Decided to get some retro-hardware in to the house from the garage this morning. This process started with my DEC VT340 which is a fairly rare terminal which can do graphics (I've previously posted some youtube videos of it doing it's stuff via gnuplot). Maybe I didn't leave it for long enough to equalize temperature (the garage is substantially colder than the house) but when I turned it on I got a nasty fizzing noise and some flashing. This generally means a breakdown in the High Tension Transformer, which is generally a bad thing. I had a VT420 do this a while back, having only ever turned it on once previously since receiving it, and gave up with any attempts to fix it. I may persue this one a bit further given that it is a substantially more rare (and interesting) terminal. That project is for another day however. So I guess this is a gentle warning for all to heed - if you move equipment between buildings you should allow an appropriate time for the equipment to equalize with the ambient temperature. I have no idea whether that was the issue or whether it was a case of its' time was up, but it's not worth taking the chance, especially anything with HT circuits.
Following the terminal failure I decided that bringing in another terminal, such as the VT320, was a bad idea, so brought in my VAXstation 4000/VLC instead. This is the smallest of VAXen, a two inch high pizza box size unit with a microscopic PCB and diminutive 50 watt idle power consumption. Previously it had crashed a couple of times on me when run over an extended period of time (think days). I'm glad to report that it's been great so far today.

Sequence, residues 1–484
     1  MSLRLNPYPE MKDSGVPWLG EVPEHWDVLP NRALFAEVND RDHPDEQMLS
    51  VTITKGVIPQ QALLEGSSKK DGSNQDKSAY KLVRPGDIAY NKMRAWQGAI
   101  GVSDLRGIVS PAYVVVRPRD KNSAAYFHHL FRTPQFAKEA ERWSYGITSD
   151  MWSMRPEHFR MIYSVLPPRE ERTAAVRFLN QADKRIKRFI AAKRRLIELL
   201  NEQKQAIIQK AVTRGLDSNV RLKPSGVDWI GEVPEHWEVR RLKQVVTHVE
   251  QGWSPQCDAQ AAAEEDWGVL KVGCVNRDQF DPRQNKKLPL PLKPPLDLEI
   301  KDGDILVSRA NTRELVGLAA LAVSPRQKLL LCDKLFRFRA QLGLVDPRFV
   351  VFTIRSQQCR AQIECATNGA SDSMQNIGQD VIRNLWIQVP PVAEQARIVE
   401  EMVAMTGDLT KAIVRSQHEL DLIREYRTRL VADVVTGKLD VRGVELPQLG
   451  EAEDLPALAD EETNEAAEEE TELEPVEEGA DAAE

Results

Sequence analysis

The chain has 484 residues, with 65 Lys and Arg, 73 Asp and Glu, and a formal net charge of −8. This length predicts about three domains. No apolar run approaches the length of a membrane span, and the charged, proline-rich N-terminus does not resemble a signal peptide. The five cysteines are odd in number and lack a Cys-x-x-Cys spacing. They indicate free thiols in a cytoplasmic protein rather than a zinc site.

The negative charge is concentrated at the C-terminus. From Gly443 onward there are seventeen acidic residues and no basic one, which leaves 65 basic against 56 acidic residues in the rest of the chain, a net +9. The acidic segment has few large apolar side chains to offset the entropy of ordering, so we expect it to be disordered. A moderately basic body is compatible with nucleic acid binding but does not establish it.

The modest specification of the VLC - 6 Vax Units of Performance and 16 MB of RAM make it a good DEC X-Terminal but a bit underpowered for development. I wanted to see whether I could get the X-Window based Z-Code Interpreter up and running. It uses a variant of the ZIP code that I got working yesterday in VMS-ported form, with an X-Window interface wrapper, so I thought I may be able to create a hybrid of the two source code trees.
First order of business was to install VAX/VMS. The system disk did have a version of VAX/VMS on it but it was a disk originally pulled from another more powerful system and modified to work and as such asked too much of the modest VLC. I installed VMS 7.3 from the OpenVMS Hobbyist CDROM using an external RRD43 drive. The SCSI connector on the back of the box is directly above the AUI port which means I could have either a SCSI cable or an AUI to 10BaseT transceiver plugged in, but not both. Anyway, it was a fairly uneventful install and configure, and not long before it was a fully fledged HECnet node and running DEC Windows (displaying in 1280x1024x8 to an AG Neovo F-419 flat panel), DECnet and TCP/IP. I'm using it now to write this blog message, with a remote XEmacs session being displayed from my linux server.
As for xzip, well, I think I'm nearly there. I had to pick bits and pieces from both the modified VMS-specific ZIP code and the xzip code. The machine I was using for development - BUBBLE - is setup to automatically power off around 11:15 PM. I of course always forget I've set it up this way, but it does mean that I'm more likely to get to bed close to midnight and not into the early hours. So I should have more info tomorrow on how xzip comes up.
I'm also thinking of taking the power supply of the VLC apart to service the fans - they are a little noisy - and also to attempt to locate some replacements (preferrably a bit less noisy).